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Away with the Nokia 6630

(or how I got on using a modern Series 60 smartphone as my only electronic device during seven days in the 'wilderness')

OK, so it was a bit of a risk. Setting off for a week's camping holiday in the wilds with only my new Nokia 6630 (Symbian smartphone) to do everything. And I mean everything. PDA, email, web (news, weather), satellite navigation, camera, MP3 player, video player. Oh, and I used it as a phone/SMS device each day as well. And for playing games (well, this was a holiday, after all). No backup devices, no other gadgets whatsoever, this tiny device had to do the lot. When I think of the paraphernalia I used to take with me...!

The risks

The risks were twofold. Firstly that the 6630 would break down in some way. I wasn't too worried on this score, since the one piece design and my (hopefully careful) handling should keep it going. Though I did write down on a piece of paper the basic reference and booking numbers needed for the things we were doing, just in case.

Secondly, and perhaps more worryingly, was the risk that the single Series 60 device wouldn't do everything I needed it to. After all, I used to bring along a Psion palmtop with full keyboard, an Olympus 35mm camera and a Sony CD player, so the standard was pretty high. For the purposes of the experiment, I'd left my previously all-conquering Nokia 9500 at home. Gulp. At least the 6630 was going to take much higher quality holiday photos.

Qualified HIT

Connecting to a keyboardSo, 7 days later, how did I get on? Well, I didn't miss the qwerty keyboard too much. Much of this article was written on the 6630, though I used my Bluetooth keyboard for most of it, a system which works really well for when you know you need to do some serious typing.

With keyboard

I certainly didn't miss not having a traditional standalone camera, as having a Megapixel camera inside your phone, always at the ready, meant that I was always able to snap 'the moment', in high quality JPG that would stand up well to printing out for the family album. Music was slightly more of a problem, due to the currently limited capacity of DV RS-MMC cards. Once I'd taken away 128MB for TomTom MOBILE 5 and another 100MB for games and assorted videos, 256MB was only really enough for about 8 CDs worth, even using the super-efficient OggPlay. Still, they kept me entertained well enough, though I'll be putting a different 8 CD selection on as soon as I get a spare moment back home.

Navigation

TomTom MOBILE 5, with its Bluetooth GPS, was a real boon, getting me from specific UK postcodes and addresses with no dramas, and twice saving me a lot of time by routing me around town centre roadworks. Only once did it get confused, due to a small error in the underlying TeleAtlas mapping data. The only thing to watch for was that it takes 6MB of RAM, which means that most other apps have to be closed first, on the 6630 at least.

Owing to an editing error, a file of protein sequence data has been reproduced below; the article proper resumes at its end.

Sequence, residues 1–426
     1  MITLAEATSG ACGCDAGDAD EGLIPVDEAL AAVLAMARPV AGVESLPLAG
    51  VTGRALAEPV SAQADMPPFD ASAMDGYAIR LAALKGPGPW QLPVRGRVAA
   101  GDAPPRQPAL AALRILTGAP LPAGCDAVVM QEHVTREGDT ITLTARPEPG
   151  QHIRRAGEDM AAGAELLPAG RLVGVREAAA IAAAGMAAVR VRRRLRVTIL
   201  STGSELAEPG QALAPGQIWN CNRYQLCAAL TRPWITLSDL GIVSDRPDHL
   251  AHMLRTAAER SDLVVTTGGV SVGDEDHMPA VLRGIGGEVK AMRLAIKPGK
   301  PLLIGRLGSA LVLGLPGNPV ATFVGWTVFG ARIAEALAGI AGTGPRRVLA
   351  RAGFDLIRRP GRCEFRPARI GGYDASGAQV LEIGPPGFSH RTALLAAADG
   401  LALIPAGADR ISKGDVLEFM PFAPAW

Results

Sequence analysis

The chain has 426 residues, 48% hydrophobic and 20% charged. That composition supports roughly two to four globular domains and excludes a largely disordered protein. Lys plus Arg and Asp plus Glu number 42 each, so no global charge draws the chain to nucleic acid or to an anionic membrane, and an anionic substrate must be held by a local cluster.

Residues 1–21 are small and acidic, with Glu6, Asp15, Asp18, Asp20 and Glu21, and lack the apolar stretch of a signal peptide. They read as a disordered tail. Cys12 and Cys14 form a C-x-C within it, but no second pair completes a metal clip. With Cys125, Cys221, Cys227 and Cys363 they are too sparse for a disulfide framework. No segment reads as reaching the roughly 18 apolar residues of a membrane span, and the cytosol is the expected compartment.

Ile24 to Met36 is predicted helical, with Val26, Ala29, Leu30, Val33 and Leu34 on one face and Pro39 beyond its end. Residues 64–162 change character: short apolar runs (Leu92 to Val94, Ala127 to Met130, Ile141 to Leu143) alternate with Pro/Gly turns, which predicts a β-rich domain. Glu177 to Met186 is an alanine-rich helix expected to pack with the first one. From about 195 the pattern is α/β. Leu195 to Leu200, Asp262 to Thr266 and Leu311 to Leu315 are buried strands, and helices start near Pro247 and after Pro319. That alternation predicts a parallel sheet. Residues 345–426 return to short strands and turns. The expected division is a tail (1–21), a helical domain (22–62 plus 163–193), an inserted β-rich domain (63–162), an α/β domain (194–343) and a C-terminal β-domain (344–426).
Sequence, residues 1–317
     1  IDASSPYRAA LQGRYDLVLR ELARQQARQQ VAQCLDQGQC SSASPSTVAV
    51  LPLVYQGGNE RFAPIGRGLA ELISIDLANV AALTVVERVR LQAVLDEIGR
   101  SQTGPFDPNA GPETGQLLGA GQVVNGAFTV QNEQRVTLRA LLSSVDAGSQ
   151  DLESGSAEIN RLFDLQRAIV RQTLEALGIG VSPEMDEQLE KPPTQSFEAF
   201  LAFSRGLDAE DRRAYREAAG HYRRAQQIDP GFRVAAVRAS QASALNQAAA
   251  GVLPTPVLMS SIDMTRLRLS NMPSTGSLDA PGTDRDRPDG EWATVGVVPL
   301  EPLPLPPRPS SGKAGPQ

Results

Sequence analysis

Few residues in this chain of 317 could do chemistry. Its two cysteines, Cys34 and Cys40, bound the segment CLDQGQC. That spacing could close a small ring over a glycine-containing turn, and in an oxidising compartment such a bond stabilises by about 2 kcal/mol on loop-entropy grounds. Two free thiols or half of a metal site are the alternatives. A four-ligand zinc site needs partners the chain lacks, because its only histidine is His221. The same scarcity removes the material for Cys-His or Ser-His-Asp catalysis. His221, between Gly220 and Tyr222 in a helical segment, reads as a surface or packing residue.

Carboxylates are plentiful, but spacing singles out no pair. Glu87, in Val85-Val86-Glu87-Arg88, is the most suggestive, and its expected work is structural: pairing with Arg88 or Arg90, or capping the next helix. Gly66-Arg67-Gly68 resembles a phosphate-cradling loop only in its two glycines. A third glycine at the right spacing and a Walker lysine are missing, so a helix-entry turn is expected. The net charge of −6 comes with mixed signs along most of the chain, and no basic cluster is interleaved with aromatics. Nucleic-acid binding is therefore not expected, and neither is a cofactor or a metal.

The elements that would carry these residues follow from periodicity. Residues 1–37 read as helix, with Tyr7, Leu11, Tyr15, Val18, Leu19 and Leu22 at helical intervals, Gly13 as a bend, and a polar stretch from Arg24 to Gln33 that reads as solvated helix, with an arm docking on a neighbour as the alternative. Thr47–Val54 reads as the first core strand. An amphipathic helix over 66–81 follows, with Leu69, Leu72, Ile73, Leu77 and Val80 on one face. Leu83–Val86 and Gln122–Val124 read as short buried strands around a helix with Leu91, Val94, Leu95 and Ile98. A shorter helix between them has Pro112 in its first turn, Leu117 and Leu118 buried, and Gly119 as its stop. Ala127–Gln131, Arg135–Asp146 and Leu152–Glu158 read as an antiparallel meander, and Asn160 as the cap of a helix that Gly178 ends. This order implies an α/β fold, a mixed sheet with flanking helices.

Email. Me? A workaholic?

Checking email is really the basis for me making a big deal out of taking a smartphone or palmtop on holiday with me, Not that I'm a workaholic, but being able to respond to anything really urgent at the start and end of each day actually makes me much more relaxed and confident that I'm not missing anything vital. Series 60's Messaging application is still a slightly basic email client, but the 'look at headers and then grab the ones you want' system works supremely well on a tiny smartphone. Being able to dash off even a one line reply, saying "Yes, see xxxxx" or "Thanks. I'm on holiday for the next four days, but I'll see to it when I get back" can make all the difference between someone thinking that you've gone away for good or that you're not interested in them, and a happy customer who knows that you respond quickly and that you're not ignoring them.

Getting connected Viewing headers

Typing one or two line replies on a typical T9 keypad does involve a slight learning curve, but it's one well worth climbing. Sussing out how to help T9 learn the names of those you write about, plus any special jargon, and working out how to put in punctuation quickly, makes all the difference. With a little practice, it's quite practical to get up to 20 words per minute, which is double what you might get from scribbling gestures on a Palm or Pocket PC, although less than you'd expect from a Nokia 9500.

Viewing an email Decoded attachments

Useful applications

What about my other most used applications? The built-in Notes was my staple for jotting down ideas before I forgot them and for writing articles (like this one) - once home, these were all synced happily across to Outlook, of course.

Also built-in is 'Memory card', useful because it has a 'backup' function, backing up all my new notes to card in the unlikely event that the 6630 dies a death before I get back to my PC.

The freeware jmIrc did the job for occasional chats in #mobitopia and Web (Opera) was useful for checking the latest headlines over on AllAboutSymbian and in the world at large.

On the games front, I spent most of my time trying to break par in Golf Pro Contest. Fore! Oh, and trying to beat my wife at Yahtzee.

A success!

The experiment was a big success and the Nokia 6630 has now become my PDA/smartphone of choice. Like every other device, it has its foibles, but the current marque of Series 60 v2 smartphones with stereo sound are now ready for real world use as an all-in-one everything replacement 8-)

Steve Litchfield
August 2005

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